CODICE TELLERIANO REMENSIS PDF

Usage conditions apply There are restrictions for re-using this media. Description The civilizations of pre-Hispanic Mexico recorded their histories, religious beliefs, and scientific knowledge in books called codices. Codices are folded pieces of hide or bark that depict both mundane and spiritual scenes with images, symbols, and numbers. Scribes and painters busily recorded daily affairs, filling libraries and temples with books throughout Mexico and Central America. The majority of these illustrated books did not survive the Spanish conquest. But indigenous scribes trained by Spanish missionaries continued writing.

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Search Codex Telleriano-Remensis Ritual calendar page showing the feast period for the shown deity, possibly Tezcatlipoca, beginning on October 2nd, [iv] fol. Organizationally, the Codex Telleriano Remensis is broken into three sections and represents a composite of different prehispanic forms. The first section is a calendar, showing the twenty-day periods of the Aztec year and the deities which represent the feast for each period. The second section is a handbook tonalamatl, used during rituals and divinations, which depicts deities and forces that would influence divinations according to thirteen-day cycles.

These first two sections are unlike the Aubin in that they are not narrative in nature, but the final section of the Telleriano Remensis is more akin to the Aubin, containing a history that starts with the migration account in the late 12th century, moves on to a dynastic section of rulers of Tenochtitlan, and ends with the early decades of Spanish colonial presence, up to the year while the Aubin continues up to The migration account in the Telleriano —Remensis is sparse and more complex structurally than the Aubin.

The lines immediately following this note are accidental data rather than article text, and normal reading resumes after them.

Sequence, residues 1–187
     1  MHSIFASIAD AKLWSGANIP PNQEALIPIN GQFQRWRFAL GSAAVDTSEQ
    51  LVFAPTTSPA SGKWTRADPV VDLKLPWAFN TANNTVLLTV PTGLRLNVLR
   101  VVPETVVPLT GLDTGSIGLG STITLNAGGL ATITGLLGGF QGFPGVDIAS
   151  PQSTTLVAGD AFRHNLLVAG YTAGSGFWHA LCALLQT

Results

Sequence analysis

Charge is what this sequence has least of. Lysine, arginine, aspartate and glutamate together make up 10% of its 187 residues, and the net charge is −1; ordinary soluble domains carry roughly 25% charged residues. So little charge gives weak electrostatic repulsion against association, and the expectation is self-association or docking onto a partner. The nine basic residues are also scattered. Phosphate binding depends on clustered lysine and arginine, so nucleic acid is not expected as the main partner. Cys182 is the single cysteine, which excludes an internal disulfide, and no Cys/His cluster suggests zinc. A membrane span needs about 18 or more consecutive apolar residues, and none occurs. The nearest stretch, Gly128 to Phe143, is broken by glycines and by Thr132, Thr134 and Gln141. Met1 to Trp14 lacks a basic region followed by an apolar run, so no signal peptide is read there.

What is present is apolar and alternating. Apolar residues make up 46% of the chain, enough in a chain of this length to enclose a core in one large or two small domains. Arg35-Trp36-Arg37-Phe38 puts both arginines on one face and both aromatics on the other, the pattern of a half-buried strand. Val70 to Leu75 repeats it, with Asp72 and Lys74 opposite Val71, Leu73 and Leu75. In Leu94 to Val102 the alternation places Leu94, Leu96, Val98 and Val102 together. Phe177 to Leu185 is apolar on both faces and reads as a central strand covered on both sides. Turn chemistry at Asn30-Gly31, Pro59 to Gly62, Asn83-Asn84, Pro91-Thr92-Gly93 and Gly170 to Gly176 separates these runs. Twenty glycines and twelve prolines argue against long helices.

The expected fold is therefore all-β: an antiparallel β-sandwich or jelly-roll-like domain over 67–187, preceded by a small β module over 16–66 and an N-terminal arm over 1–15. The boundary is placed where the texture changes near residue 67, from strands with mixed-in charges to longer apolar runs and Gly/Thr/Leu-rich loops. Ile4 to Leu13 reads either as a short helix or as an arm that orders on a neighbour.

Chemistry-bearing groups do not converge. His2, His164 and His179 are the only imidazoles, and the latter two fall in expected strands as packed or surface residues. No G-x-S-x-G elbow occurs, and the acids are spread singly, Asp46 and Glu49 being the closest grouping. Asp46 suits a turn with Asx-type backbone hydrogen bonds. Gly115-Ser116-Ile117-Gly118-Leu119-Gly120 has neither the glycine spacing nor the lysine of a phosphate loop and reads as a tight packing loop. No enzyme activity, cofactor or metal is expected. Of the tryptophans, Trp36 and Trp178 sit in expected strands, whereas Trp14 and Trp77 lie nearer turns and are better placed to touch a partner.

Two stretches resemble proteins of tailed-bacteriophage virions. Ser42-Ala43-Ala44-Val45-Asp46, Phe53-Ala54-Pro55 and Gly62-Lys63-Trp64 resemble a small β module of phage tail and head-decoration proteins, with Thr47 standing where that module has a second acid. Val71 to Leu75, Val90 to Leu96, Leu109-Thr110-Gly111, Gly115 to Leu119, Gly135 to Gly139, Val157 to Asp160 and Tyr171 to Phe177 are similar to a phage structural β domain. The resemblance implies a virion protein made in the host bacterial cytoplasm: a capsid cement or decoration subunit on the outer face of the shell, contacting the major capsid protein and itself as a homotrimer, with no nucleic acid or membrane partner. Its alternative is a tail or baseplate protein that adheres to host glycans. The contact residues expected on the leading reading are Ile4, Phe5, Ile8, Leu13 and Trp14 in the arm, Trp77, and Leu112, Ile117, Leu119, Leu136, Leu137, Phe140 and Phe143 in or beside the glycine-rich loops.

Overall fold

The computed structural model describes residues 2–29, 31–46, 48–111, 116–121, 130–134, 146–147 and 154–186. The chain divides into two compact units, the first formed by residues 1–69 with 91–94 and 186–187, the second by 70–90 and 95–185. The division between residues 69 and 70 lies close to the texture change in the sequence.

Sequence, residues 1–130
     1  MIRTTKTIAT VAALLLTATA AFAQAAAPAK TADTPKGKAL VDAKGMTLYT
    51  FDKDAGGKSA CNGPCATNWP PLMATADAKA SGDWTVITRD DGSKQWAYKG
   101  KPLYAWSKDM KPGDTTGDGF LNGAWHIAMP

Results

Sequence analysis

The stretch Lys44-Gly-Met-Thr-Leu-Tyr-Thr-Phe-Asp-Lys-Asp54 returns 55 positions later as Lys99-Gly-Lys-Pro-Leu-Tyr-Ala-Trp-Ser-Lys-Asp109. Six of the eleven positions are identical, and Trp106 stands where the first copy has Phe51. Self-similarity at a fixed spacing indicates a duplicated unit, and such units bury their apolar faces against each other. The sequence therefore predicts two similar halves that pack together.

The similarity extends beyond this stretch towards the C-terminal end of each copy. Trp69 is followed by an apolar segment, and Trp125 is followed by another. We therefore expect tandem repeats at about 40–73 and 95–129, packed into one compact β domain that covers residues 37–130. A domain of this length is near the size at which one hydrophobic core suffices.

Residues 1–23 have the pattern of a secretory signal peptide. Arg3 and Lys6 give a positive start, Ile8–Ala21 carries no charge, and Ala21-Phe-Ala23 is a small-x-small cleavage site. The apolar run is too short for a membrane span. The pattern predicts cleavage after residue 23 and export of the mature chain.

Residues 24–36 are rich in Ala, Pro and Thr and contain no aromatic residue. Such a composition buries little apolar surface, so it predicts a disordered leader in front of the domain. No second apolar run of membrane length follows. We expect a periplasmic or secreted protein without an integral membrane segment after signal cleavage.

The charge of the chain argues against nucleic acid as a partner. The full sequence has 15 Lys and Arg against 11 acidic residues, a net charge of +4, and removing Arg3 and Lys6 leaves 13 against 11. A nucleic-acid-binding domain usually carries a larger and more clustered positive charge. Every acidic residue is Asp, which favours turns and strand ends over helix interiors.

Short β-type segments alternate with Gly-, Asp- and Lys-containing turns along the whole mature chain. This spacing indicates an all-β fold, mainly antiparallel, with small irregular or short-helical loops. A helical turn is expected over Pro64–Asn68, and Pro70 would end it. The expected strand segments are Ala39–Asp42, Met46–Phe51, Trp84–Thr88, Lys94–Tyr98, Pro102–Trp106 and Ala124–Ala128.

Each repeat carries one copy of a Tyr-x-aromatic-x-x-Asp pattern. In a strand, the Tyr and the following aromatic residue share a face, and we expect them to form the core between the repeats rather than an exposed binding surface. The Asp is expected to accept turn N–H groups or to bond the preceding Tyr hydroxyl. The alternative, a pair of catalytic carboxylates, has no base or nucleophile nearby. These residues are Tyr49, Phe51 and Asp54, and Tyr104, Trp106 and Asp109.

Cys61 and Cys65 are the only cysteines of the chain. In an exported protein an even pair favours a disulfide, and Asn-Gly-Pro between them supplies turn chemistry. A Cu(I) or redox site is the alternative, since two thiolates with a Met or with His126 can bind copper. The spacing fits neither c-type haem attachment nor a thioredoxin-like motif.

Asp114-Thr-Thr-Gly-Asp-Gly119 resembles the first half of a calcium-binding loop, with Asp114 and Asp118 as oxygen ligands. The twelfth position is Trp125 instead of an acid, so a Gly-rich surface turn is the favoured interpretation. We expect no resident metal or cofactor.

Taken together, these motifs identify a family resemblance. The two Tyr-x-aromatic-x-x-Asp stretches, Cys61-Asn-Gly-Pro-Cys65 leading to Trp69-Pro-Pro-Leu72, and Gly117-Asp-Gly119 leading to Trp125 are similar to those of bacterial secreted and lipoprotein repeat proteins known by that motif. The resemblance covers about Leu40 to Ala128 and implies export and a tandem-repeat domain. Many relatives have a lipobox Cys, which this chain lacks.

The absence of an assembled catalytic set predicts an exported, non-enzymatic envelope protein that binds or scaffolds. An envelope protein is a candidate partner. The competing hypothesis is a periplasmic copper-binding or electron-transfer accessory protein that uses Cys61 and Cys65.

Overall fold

The Aubin adheres to the year count, grouping year signs with occasional place signs and the Nahuatl gloss, and groups years according to stops along the migration, noting how many years the Mexica stayed in a particular place before moving on. The Telleriano-Remensis, however, attempts to show a wider range of events along the migration, using images of migrants to attempt to show battles fought along the way, and showing the migration through footsteps without correlating years to specific places.

Figures shown to be related through use of footprints, fol. The last folios depicting the migration continue to focus on warfare and figurative representations, seen in folio 28v where a Mexica figure stands surrounded by those he has killed and dismembered. While the pages that would presumably show the founding of Tenochtitlan are missing from the Telleriano-Remensis, the preceding pages emphasize the importance of Mexica figures themselves performing acts of war and migration, rather than symbolic depictions of events.

The use of footprints is continuous to show relationships between the many figures depicted, such as on 30r. However, the history continues well into Spanish presence,showing war and disease, and depicting the spanish, ending in the year Here, European styles are integrated into the images, by sometimes placing footsteps within lines, seeming to show a European style road, or by attempting to show different visual perspectives, depicting some figures from a frontal rather than a profile view, as had been the prior norm.

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Codex Telleriano-Remensis

Contents[ edit ] The Codex Telleriano-Remensis is divided into three sections. The first section, spanning the first seven pages, describes the day solar calendar, called the xiuhpohualli. The second section, spanning pages 8 to 24, is a tonalamatl , describing the day tonalpohualli calendar. The third section is a history, itself divided into two sections which differ stylistically. Pages 25 to 28 are an account of migrations during the 12th and 13th centuries, while the remaining pages of the codex record historical events, such as the ascensions and deaths of rulers, battles, earthquakes , and eclipses , from the 14th century to the 16th century, including events of early Colonial Mexico. During the process of photographing and re-binding the manuscript for this publication, two pages were accidentally swapped, and appear as such in the facsimile: page 13, with Tecziztecatl on the recto and Nahui Ehecatl on the verso; and page 19, with Tamoanchan on the recto and Codex Xolotl on the verso. Ethnohistory, Vol.

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